New Prairie Village state rep spearheads effort to restore due process rights for all Kansas teachers

Rep. Jerry Stogsdill.
Rep. Jerry Stogsdill.

Prairie Village Rep. Jerry Stogsdill and fellow Democratic Rep. Steven Crum of Haysville submitted a bill on Thursday they co-authored that would reinstate guaranteed due process rights for all Kansas K-12 teachers.

Stogsdill, who spent part of his early career in the classroom as a Shawnee Mission School District teacher, said restoring those rights, which were removed as part of a controversial 2014 school funding bill, would be an important step toward making Kansas an attractive place for teachers to have long careers.

“We’re having trouble attracting and retaining top quality teachers in Kansas. Hopefully it will encourage them to stay,” Stogsdill said. “Right now, teachers looking at Kansas see a job market where they have low merit pay and no job security. That’s not a good situation.”

(See this KCUR piece from last summer on the jump in the number of Kansas teachers leaving the state or quitting the profession.)

The 2014 bill, which prompted hundreds of teachers to flood the capitol in protest, removed a protection Kansas teachers had held since the late 1950s as part of legislation that injected $129 million into public schools to meet the requirement of a Kansas Supreme Court ruling on equity. The due process rights guaranteed teachers who have at least three years experience the right to a written explanation for their dismissal if they are fired as well as a hearing to appeal the firing. Proponents of removing the due process provision said it would make it easier for school districts to fire teachers who weren’t performing. But opponents argued that it opened the door for teachers to be let go for reasons that have nothing to do with the classroom, like their political views.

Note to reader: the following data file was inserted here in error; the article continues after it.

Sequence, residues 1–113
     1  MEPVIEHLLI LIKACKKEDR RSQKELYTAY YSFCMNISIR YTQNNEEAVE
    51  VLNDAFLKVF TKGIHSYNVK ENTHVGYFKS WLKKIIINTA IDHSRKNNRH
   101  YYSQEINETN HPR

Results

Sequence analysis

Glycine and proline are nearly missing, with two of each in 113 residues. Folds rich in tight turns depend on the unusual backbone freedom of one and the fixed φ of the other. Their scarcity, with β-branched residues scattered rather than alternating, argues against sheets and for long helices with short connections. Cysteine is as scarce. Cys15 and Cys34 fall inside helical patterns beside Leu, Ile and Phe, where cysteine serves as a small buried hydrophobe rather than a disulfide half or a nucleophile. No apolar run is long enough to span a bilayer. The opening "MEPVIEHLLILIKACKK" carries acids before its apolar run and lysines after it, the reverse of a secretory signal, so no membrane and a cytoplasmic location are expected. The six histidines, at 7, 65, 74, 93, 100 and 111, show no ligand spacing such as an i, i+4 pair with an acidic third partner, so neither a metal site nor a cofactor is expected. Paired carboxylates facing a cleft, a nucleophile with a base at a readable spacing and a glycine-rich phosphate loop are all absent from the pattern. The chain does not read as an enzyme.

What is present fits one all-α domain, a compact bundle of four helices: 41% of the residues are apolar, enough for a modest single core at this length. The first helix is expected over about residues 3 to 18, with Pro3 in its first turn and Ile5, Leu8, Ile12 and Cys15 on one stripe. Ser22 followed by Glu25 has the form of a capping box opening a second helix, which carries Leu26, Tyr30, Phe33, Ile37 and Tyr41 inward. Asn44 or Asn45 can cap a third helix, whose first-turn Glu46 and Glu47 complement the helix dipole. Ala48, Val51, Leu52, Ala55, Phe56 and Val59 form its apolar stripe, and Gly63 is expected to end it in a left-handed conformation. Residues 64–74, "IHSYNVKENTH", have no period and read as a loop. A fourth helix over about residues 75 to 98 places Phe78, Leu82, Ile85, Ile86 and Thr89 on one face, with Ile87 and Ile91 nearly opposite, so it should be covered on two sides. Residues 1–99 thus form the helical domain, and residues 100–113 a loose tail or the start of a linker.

“Due process is not tenure, and it does not protect bad teachers from getting fired,” Stogsdill said. “It protects good teachers.”

Since the passage of the 2014 bill, many school districts have continued to negotiate due process rights as part of their contracts with the local teachers union. Shawnee Mission, for example, has continued to include due process provisions in its contract with the National Education Association — Shawnee Mission. But districts are no longer required by state law to grant those rights. Stogsdill said that needs to change if Kansas is going to be able to attract talented educators.

“It’s a good thing for Shawnee Mission teachers that the district has kept due process,” Stogsdill said. “But we want to guarantee it for every teacher.”

Speaker Ron Ryckman will assign Stogsdill and Crum’s bill to a committee for review. Stogsdill, who is in his first term, said he thinks the bill has a good chance of making it through the House and Senate. Whether Gov. Sam Brownback would allow it to go into law is another matter.

“It will be a test of whether he’s a friend of public education or not,” Stogsdill said.

Gov. Brownback’s office did not respond to a request for comment sent at 3 p.m. Thursday.

Teachers packed the gallery in the Kansas House in 2014 to protest the education bill that stripped them of some of their due process rights. Photo via Twitter, Devin Brick Wilson (@ksucats96).
Teachers packed the gallery in the Kansas House in 2014 to protest the education bill that stripped them of some of their due process rights. Photo via Twitter, Devin Brick Wilson (@ksucats96).